When I was a child, waiting up to catch a glimpse of Santa Claus, or to listen so carefully for the sound of his sleigh, was probably the single-handed most exciting thing that could possibly occur, matched only by my mother weakening in a pet shop. Every Christmas Eve, my sister and I would go to Mass with our childhood best pals, who were also sisters, and who, quite unlike us, were staunch Catholics. Then we would all go back to our place, the parents would crack open a bottle, and we would run wild with Christmas Eve excitement. This excitement culminated in the annual shout-singing of a self-penned song called ‘Tonight’s the Night. (Tomorrow We Open the Presents).’
Here, in north Germany, children are visited by Santa Claus – the Weihnachtsmann – and not the Christkind like the rest of Germany, although no one can tell me why. They all murmur something vague about Coca Cola and leave it at that. Over our first Christmas, SG and I shared the usual childhood tales of Santa, and I told him I was so sure I had heard Santa’s sleigh on the roof one year. ‘Well I actually saw Santa,’ SG said. I smiled wistfully. ‘Oh, we all saw Santa, SG.’
Turns out he actually did see Santa, because here Santa comes to your house in broad daylight. You see in this corner of the world, a relative, neighbour, friend or gormless student looking to make a quick buck, pop on the red suit and deliver the presents to the children who are either terrified, ecstatic, or mildly suspicious as to why Santa is wearing Uncle Christoph’s shoes. There is no standing guard for what feels like hours and is in reality about 20 minutes before you pass out from sheer Christmas adrenalin overload. There is no one-upping your sibling that they may have heard Santa, but you absolutely saw a reindeer in the backyard. There is also no staying up late as parents, waiting for the last of your stubborn brood to call it a night, so you can bite the carrots, eat the biscuits, and fill the stockings. While I was camped out at the end of the hallway at what I thought was surely 4am (and was about 10pm) SG was looking patiently outside his bedroom window, waiting for Santa. He recalls seeing Santa on more than on occasion, vising his various neighbours.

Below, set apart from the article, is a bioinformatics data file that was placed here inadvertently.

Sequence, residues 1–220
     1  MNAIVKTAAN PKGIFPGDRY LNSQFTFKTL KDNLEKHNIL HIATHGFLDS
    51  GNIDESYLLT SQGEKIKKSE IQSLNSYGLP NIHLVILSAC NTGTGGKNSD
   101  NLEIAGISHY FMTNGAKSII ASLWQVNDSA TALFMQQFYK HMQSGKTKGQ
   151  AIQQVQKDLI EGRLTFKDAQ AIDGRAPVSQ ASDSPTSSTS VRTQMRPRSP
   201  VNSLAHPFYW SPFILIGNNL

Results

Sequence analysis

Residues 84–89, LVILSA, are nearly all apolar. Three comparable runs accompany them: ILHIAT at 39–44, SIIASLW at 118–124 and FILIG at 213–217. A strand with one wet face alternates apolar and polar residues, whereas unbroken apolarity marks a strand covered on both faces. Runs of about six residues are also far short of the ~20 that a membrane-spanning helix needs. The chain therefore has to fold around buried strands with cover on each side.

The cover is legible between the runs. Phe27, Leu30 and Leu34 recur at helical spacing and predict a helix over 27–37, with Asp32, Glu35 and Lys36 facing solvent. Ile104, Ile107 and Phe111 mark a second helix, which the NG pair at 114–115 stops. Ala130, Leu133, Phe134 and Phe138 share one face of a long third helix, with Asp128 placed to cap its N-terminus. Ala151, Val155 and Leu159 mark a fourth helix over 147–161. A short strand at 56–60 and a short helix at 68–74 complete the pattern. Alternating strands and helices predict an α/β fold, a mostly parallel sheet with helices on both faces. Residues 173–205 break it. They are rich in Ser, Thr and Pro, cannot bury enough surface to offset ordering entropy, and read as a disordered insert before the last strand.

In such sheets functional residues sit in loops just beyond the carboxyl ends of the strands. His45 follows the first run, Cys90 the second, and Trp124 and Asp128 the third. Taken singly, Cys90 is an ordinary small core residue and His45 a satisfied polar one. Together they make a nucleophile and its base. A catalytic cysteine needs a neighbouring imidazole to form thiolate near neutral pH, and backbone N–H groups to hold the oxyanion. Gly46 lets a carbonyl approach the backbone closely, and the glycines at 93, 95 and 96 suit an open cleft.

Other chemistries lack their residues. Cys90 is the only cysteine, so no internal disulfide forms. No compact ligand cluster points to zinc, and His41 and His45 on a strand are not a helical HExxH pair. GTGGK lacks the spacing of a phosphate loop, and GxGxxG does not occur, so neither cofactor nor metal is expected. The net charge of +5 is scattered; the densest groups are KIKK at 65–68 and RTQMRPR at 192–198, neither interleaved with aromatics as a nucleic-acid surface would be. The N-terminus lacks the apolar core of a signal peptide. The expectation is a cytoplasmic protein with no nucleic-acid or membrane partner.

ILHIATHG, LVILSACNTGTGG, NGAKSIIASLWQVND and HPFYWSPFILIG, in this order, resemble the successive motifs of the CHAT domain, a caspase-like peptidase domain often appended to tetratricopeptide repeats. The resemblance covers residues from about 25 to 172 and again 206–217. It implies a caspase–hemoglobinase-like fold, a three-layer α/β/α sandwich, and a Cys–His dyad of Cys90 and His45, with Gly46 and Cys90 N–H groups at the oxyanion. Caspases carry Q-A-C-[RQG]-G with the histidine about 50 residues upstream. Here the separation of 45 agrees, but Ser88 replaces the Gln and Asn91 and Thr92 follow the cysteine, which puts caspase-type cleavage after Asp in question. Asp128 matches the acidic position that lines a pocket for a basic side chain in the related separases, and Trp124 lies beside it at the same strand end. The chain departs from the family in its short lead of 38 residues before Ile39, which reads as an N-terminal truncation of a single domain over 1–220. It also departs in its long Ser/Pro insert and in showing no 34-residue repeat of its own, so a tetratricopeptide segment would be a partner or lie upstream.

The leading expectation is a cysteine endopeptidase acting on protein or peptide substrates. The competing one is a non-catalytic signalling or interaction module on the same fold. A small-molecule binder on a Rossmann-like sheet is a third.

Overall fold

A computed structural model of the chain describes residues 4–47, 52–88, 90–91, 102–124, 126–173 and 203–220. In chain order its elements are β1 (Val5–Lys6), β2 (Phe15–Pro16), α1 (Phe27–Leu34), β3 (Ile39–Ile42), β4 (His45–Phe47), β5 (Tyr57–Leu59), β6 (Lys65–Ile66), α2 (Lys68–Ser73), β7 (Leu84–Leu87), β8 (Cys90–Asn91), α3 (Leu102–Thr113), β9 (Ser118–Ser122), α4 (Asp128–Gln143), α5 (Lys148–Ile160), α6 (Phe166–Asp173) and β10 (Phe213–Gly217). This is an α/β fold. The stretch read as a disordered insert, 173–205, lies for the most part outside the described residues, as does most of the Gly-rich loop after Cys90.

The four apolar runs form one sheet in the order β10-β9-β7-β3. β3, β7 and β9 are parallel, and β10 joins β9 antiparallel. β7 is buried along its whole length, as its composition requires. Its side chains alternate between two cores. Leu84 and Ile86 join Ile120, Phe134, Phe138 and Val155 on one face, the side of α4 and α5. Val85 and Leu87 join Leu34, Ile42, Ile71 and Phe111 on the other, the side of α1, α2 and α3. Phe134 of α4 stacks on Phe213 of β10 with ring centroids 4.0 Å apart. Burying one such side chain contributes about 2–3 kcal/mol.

When I raised this completely odd way of doing things, SG countered with how equally odd it is that we even have Santa in Australia, a country on the other side of the globe with no snow and Christmas in summer. Furthermore, him coming down the chimney is unnerving. I coolly told him we know Santa has a lot of ground to cover, which is why he comes so late at night, and why his sleigh is magical. And just because we don’t have snow at Christmas, doesn’t mean we can’t appreciate many parts of the world do. Besides, any self-respecting kid knows Santa comes from the North Pole and probably finds his Aussie delivery route a hard slog. That’s why we leave him and the reindeer sustenance.
Soon enough, die Lüdde will be old enough to feel the thrill of Santa excitement, although I warned SG that none of her Australian friends or cousins will ever believe she spends a reasonable amount of time with Santa on Christmas Day, they will just think she is being smug and one-upping their own Santa tales. Furthermore, while she may well receive a visit from him over here, when we celebrate Christmas in Oz, she will have to make do without, and join everyone else in the eternal hunt for a glimpse of his red suit. We have decided we will simply tell her Santa comes to Australia far too late for her to see, due to it being so far away.
As for Santa coming to the house when we celebrate Christmas here – there will be no half hearted suit, no straggly white beard, or thin student body killing the magic of the fat, jolly man. We either get a Santa who is serious about his craft, or we tell her Santa got waylaid in Australia this year, where he is currently enjoying a cold beer on the beach, with her cousins.